The HTC Vive Shows Us Virtual Reality Is Not Just About Games

By Anshel Sag - April 5, 2016
The HTC Vive is the beginning of a fundamental change to the way we compute. While other authors are reviewing the HTC Vive itself today, I will talk about the evolution of the platform and software ecosystem. HTCViveTitleImage_Smaller-1200x731 (Image source: Anshel Sag) I’ve spent the last year deep inside Virtual Reality, putting on every headset and trying every experience, good or bad. The experience that most caught my attention and left me wanting more was the HTC Vive. It started last March at VRLA where Valve (HTC’s partner in creating the Vive) debuted the first developer edition. Over the course of the year, the HTC Vive and the experiences that it brought continued to become better, deeper and more numerous. One expectation was always that the HTC Vive was going to be the ‘premium’ VR product alongside Google Cardboard, Samsung Electronics  GearVR and even Facebook’s Oculus Rift. This had to do with the fact that it came with motion controllers and ‘roomscale’ VR. Another expectation was that the HTC Vive would command a premium price, which at this point it does at $799. But the HTC Vive isn’t ‘premium’ just because it has some of the best tracking and designed controllers ever made. The HTC Vive is ‘premium’ because it delivers the more encompassing VR experience from the platform, SteamVR, to the hardware which includes a VR HMD (head-mounted display), motion controllers, base stations and a plethora of software. Valve’s Steam platform for PC games has 120 million active monthly users for a reason: PC gamers love Steam and they trust it. The same can be said about developers who consider Steam the best place to develop and launch a game if they want grassroots support, feedback and more importantly success. The HTC Vive also has some tricks up its sleeve. The Vive will be an evolving piece of hardware that improves as they roll out new features via software updates. One feature (not ready in time for this article but should be available at launch) is Bluetooth connectivity between your Vive and your Android or iOS phone. This feature allows your Vive to get notifications from your phone, including calls and messages without you having to take off the headset. I expect to see more features like this to continue to roll out over the life of the HTC Vive. My experience with testing the HTC Vive was extremely positive, I had tons of fun using the 50+ experiences. Yes, there are great games like AudioShield, #SelfieTennis, Space Pirate Trainer, Cloudlands VR Minigolf and Raw Data. However, there are also applications like Tilt Brush and Sculpt VR for drawing and modeling as well as sandbox applications like Modbox. But the depth of the HTC Vive goes beyond that with applications like Valve’s app ‘The Lab’: a combination of games, travel experiences and science experiments. The purpose of ‘The Lab’ is to help developers and VR enthusiasts understand what’s possible with the HTC Vive through unique experiences using the Vive’s controls and HMD. The Lab is like Valve’s own Nintendo Land for VR; it’s meant to show what the platform is capable of through mini games and experiences, what Valve calls ‘pocket universes’. Many of these pocket modules are already being supplanted by developers’ own applications. Realities.IO application is a photogrammetry application built in Unreal Engine 4. It starts out with a very realistic globe as its UI and takes you around the world to experience different places in photogrammetry. This application has more functionality than Valve’s own and could be crowdsourced to increase the amount of places people can go. In addition to Realities. IO, Universe Sandbox has blown everyone’s mind I’ve shown it to. It’s a complex, flexible and fun application that lets you simulate almost any type of solar system, planet or galaxy. Realities.IO taxed my Advanced Micro Devices Radeon Fury X the most, but it also had the most complexity and delivered the most ‘godlike’ feeling in VR. The educational implications of these apps are huge when you realize they can help inspire students to be astronauts or rocket scientists. There are also productivity applications like Virtual Desktop and Envelop VR. Virtual Desktop is already available while Envelop VR is in beta. Virtual Desktop helps fill usability holes that the HTC Vive has in simple VR content viewing. This makes sense because Valve doesn’t try to fill holes by paying for content or creating first-party experiences. Instead, they want to enable developers to make the best applications and to create natural competition and growth within the Steam ecosystem. Their VR Developer Showcase earlier this year made it extremely clear that the event was about the developers and not the Vive or themselves. Yes, an HTC Vive and PC are around $1,800 brand new. However, many early adopters already have their own gaming PCs and will only need to upgrade. Hardware requirements will slow the uptake of VR relative to expectations as I wrote last year. At this early stage, VR attracts passionate users and those most willing to spend money. General consumers seem less willing to spend $500+ on headsets…until they’ve had an experience like the HTC Vive. Once someone tries VR as good as the HTC Vive, all bets are off. The potential for VR becomes real and unlimited. The HTC Vive delivers a new and unique experience with serious depth, even to people who have tried VR before. The HTC Vive and SteamVR convert the skeptics and the curious into believers and even some into evangelists.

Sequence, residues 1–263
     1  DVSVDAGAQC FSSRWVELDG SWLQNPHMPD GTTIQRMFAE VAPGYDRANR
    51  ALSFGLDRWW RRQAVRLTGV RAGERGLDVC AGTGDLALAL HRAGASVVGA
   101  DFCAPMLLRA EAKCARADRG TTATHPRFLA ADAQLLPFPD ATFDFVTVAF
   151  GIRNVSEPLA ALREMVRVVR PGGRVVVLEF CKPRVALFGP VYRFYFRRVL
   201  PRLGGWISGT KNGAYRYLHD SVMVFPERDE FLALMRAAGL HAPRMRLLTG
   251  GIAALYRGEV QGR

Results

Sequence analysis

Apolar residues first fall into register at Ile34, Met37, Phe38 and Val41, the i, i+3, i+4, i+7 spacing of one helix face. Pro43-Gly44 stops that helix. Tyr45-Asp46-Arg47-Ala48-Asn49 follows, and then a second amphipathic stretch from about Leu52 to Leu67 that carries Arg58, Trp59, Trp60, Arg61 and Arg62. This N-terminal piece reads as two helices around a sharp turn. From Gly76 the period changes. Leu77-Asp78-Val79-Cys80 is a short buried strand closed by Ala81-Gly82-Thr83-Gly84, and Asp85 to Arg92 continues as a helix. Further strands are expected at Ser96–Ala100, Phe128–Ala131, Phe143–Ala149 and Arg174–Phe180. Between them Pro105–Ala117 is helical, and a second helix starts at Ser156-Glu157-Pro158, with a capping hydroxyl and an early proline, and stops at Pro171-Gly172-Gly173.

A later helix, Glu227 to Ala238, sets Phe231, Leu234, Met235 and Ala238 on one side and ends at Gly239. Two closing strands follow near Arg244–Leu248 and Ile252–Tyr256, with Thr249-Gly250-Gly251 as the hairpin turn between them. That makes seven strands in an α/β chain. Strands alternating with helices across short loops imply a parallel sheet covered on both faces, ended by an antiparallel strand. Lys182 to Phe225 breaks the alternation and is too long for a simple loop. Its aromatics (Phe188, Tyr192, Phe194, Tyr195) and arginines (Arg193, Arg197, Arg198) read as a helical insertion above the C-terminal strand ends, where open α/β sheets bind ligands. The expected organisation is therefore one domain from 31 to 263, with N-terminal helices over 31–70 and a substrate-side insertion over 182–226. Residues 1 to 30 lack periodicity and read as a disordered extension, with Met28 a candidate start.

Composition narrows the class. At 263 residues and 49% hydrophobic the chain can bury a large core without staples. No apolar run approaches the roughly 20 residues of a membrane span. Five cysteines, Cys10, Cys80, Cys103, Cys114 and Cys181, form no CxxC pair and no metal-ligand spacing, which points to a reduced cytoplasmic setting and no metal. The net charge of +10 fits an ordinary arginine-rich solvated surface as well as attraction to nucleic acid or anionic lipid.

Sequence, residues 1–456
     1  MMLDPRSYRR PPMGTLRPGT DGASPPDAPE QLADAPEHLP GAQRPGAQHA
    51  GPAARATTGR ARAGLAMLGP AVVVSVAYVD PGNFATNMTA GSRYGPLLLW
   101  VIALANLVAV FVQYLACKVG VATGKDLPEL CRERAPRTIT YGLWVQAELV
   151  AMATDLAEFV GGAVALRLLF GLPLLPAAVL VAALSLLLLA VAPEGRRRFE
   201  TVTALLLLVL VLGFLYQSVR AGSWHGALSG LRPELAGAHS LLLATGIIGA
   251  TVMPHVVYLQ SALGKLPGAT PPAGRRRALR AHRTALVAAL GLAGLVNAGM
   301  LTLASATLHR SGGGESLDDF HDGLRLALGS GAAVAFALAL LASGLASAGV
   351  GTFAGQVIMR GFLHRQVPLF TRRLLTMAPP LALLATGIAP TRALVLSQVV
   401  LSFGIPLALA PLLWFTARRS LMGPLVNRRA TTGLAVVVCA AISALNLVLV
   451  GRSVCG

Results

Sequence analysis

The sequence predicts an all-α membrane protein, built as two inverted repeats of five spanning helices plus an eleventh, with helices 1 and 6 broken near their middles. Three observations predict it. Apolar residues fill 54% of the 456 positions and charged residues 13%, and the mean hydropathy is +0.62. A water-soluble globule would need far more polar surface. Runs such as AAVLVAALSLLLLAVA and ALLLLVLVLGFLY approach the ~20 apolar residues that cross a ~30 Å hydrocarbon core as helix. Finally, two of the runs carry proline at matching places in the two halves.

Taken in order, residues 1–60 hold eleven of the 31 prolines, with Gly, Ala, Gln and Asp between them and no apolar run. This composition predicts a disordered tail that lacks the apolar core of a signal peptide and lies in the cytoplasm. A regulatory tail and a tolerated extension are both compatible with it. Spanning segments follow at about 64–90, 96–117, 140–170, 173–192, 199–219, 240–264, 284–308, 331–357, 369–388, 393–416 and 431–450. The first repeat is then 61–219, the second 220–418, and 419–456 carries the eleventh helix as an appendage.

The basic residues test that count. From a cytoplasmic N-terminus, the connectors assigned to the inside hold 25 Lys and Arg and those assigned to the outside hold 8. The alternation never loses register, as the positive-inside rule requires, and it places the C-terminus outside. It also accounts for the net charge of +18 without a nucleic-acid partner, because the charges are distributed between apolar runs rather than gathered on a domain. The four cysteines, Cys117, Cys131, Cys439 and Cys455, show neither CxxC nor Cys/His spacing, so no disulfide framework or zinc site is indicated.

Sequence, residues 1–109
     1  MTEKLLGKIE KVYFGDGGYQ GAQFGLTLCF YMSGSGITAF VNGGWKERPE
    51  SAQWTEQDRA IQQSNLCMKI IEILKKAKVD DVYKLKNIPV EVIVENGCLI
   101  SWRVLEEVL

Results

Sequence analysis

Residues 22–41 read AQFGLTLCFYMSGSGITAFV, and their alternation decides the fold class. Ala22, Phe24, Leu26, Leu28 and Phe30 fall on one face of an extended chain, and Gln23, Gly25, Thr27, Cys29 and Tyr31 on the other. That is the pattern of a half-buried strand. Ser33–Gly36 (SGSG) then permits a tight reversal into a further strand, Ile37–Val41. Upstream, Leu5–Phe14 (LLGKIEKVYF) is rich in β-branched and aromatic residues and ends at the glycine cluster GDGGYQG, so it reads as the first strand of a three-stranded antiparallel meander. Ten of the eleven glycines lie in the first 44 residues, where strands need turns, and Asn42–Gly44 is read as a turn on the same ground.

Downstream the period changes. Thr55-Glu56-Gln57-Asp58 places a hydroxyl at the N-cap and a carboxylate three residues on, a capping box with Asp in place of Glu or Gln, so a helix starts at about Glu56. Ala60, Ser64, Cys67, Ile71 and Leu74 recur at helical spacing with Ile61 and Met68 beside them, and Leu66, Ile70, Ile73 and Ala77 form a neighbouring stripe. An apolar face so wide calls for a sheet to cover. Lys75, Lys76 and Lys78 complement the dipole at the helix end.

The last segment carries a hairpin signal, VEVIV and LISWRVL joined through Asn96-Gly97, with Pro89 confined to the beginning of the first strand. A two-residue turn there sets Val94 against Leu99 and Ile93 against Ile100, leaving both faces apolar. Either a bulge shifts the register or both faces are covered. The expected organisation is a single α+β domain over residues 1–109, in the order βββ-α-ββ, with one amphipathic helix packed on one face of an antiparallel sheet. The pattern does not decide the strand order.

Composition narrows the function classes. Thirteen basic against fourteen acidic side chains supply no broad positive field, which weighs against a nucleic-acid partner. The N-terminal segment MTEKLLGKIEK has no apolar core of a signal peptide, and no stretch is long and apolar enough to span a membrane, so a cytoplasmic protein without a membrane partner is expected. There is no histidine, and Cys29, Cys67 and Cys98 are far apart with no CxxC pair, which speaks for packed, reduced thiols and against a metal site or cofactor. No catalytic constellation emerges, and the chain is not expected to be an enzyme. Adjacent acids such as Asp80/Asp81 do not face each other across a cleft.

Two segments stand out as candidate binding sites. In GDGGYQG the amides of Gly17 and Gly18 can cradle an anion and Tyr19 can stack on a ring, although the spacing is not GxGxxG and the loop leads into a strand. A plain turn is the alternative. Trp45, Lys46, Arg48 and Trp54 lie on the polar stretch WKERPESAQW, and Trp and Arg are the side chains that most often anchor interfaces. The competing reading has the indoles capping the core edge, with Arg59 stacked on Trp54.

VP & Principal Analyst | Website | + posts

Anshel Sag is Moor Insights & Strategy’s in-house millennial with over 15 years of experience in the IT industry. Anshel has had extensive experience working with consumers and enterprises while interfacing with both B2B and B2C relationships, gaining empathy and understanding of what users really want. Some of his earliest experience goes back as far as his childhood when he started PC gaming at the ripe of old age of 5 while building his first PC at 11 and learning his first programming languages at 13.